Daily lesson from February 15, 2013: (Teach the teacher)
A few days ago I read a poem written by a former classmate/now successful published author and poet. She pointed out, quite poetically, that all skeletons bear a giant grin. Obvious enough, I thought. But what’s your point? Me not being the patient enough sort to spend the time required to discern high-brow poetry, the point just didn’t make its way across.
In other words, I didn’t get it.
Until class this morning. It’s one of things I love about yogaland – epiphanies frequently enter the landscape. Yep. Just get your head under your shoulder and arm wrapped into some crazy bind and you never know just what might be revealed.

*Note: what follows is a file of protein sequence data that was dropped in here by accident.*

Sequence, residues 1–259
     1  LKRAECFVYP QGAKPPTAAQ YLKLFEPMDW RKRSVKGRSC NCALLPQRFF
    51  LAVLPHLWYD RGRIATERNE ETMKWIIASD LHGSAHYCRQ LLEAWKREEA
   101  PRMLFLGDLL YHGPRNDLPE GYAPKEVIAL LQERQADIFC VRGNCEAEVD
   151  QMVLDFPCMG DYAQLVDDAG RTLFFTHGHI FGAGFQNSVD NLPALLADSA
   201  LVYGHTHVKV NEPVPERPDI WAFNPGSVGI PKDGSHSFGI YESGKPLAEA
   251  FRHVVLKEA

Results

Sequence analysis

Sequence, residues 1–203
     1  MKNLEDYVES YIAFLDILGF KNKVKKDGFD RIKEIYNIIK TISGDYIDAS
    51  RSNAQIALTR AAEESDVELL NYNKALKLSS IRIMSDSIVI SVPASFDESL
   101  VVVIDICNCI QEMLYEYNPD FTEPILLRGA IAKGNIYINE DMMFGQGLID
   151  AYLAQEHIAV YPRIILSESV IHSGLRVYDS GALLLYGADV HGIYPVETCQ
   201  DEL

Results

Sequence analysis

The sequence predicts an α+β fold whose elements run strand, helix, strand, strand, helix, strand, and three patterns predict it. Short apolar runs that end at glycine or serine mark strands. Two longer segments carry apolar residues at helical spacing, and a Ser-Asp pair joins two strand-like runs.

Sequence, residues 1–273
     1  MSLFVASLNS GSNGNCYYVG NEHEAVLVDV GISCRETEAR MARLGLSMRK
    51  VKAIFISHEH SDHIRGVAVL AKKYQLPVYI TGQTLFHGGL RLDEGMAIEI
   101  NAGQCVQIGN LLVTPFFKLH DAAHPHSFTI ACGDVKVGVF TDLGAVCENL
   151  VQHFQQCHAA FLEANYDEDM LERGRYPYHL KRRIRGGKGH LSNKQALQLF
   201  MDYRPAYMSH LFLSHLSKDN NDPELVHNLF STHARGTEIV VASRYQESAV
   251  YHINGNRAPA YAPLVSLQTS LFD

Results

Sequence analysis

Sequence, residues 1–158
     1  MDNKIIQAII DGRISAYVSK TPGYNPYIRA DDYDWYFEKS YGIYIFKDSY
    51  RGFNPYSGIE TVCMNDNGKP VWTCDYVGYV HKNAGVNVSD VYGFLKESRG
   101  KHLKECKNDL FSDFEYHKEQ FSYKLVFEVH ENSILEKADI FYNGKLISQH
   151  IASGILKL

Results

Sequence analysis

So in class today, my little epiphany hit me as I paid close attention to my students faces:
A giant grin from one after a verbal cue and adjustment to her downward dog that made a noticeable difference in her experience in the posture.
Several grimaces during a lengthy Warrior III, intended to test their balance, strength, and patience.
That’s when it hit me. Sometimes we grin, sometimes we grimace. But regardless of what our fleshy faces reveal, behind it is a big, wide grin. We are naturally disposed to smile. They say it takes fewer muscles to smile than frown, too.
So if you can’t think of any reason to smile, just picture the gorgeous, bony grin resting just below the surface of your face.
Namaste and see you in class!